Tuesday, September 23, 2014

Obtaining a U.S. Social Security Application Record

One of my society colleagues recently asked me "How can I obtain a Social Security application for my great-grandfather?"  

I knew that the rules had changed, and some of the methods to obtain the application had changed.  Here's what I found today while trying to find online information and forms.

FamilySearch has a Wiki page describing Social Security applications and the genealogical information that might be obtained from them. See U.S. Social Security Records for Genealogists.  The page says:

"You can ... obtain copies of your ancestor's SS-5 application by:
"The current fee is USD $27 per record when the Social Security Number is known, and USD $29 when the number is unknown or incorrect. You are charged the fee even if the SSA is unable to locate any information on the person. It may take up to six months to receive a report, so please be patient.""
The "Online Request for Deceased Individual's Social Security Record" looks like this (two screens):

This is probably the easiest way to obtain the application, but it requires a credit card number.

The mail-in form can be downloaded at http://www.socialsecurity.gov/forms/ssa-711.pdf.  You then write a check or obtain a money order and send it in to the mailing address.

If the researcher is looking for all of the information on the application, they need to order the photocopy of the original Application for Social Security Card, and not the computer abstract of information.  Knowing the Social Security number of the deceased saves the requester $2.

The information that might be found on a Social Security application, at the time of the application, includes:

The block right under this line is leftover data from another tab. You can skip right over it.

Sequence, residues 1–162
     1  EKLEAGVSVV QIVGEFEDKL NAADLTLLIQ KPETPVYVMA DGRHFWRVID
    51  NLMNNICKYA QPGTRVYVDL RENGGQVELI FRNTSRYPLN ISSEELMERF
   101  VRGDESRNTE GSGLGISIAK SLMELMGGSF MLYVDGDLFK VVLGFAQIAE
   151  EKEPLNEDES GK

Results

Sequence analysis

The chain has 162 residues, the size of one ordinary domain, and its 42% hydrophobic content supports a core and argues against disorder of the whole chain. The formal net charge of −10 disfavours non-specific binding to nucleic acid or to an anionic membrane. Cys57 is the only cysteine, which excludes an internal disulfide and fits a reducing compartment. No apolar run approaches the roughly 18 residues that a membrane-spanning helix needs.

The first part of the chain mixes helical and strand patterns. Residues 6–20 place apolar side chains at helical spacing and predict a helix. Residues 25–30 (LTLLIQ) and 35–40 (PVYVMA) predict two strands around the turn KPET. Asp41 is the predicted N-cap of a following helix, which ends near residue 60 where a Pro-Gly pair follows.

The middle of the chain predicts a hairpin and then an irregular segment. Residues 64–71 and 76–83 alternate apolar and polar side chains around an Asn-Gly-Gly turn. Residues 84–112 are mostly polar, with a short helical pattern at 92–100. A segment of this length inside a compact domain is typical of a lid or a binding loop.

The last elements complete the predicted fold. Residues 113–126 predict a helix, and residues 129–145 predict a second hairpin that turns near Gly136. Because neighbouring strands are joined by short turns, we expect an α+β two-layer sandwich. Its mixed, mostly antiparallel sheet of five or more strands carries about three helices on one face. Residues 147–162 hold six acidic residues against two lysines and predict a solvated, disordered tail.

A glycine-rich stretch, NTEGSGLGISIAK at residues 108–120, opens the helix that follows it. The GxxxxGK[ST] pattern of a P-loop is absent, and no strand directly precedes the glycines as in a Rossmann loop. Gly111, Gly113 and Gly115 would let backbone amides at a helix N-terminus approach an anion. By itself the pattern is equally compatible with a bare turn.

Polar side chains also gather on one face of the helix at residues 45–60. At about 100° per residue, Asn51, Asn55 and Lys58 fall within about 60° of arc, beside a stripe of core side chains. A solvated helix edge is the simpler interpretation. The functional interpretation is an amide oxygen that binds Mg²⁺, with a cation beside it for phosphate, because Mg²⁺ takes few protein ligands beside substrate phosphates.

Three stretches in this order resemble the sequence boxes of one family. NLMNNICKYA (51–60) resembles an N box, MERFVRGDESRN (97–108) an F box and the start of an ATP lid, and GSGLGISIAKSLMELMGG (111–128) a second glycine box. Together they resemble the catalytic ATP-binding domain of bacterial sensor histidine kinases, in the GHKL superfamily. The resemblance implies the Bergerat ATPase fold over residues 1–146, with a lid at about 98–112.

• Applicant's full name
  • Age at last birthday
  • Date and place of birth
  • Father's and mother's full name (including the mother's maiden name)
  • Gender and Color
  • Employer's name and address, and date of first employment
  • Residence 
  • Date signed and applicant's signature
Some data may be restricted.  The website says:

"We use the '120 year rule' when disclosing information from our records for extremely aged persons when no date of death exists. We normally do not assume that an individual is deceased without proof of death (e.g., death certificate, obituary, newspaper article, or police report). 

"Also, under our current policy, we do not release the parents' names unless they are proven deceased, have a birth date more than 120 years ago, or the number holder on the SS-5 is at least 100 years of age."

Rootsweb used to provide a Freedom of Information Access letter for you, but since they took the Social Security Death Index down several years ago, that letter format is no longer available.  I thought that Ancestry.com had a similar letter, but when I searched, the link for "Request copy of original application" goes to a FAQ page on the Social Security Administration site that doesn't find a match for "obtain social security application."  A search for "ss-5 application" turned up a FAQ for "Can you provide a copy of a deceased person’s Social Security number application for genealogical research?"  That leads you to the forms above.

The URL for this post is:  http://www.geneamusings.com/2014/09/obtaining-social-security-application.html

Copyright (c) 2014, Randall J. Seaver

Updated 24 September to add what might be found ion an SS-5 application.


Margel said...

What information is on an original Social Security application?

Anonymous said...

This is all correct procedure now and they stick by it. I've ordered several now at the $27 price and didn't know to send proof of death for each person's parents. They did cover up the names of the parents. So, I sent them copies of findagrave burial information (with copies of their headstones)...this was all I had...and asked them to please review because they are definitely dead by now...their ages would have been between 90 and 100 years...but not quite the 120 years. It took a long time, but they did resend original copies that included the parent's names. You kind of go into panic mode when you pay that much money for a single document and you don't get all the information.

Anonymous said...

To Answer Margel's question:

1. With the SS-5 (original ss application), you get the original handwriting of the person who filled out the application. And it is usually filled out at a very young age, when they begin working:
a. Full name
b. Current address
c. Date & place of birth
d. Parent's names
e. Employer's name & address
f. Date signed
e. Signature

Back in the day, they used to be $7 each, and overnight, they went up to $27 each. Now I have to be very selective in the ones I want to order.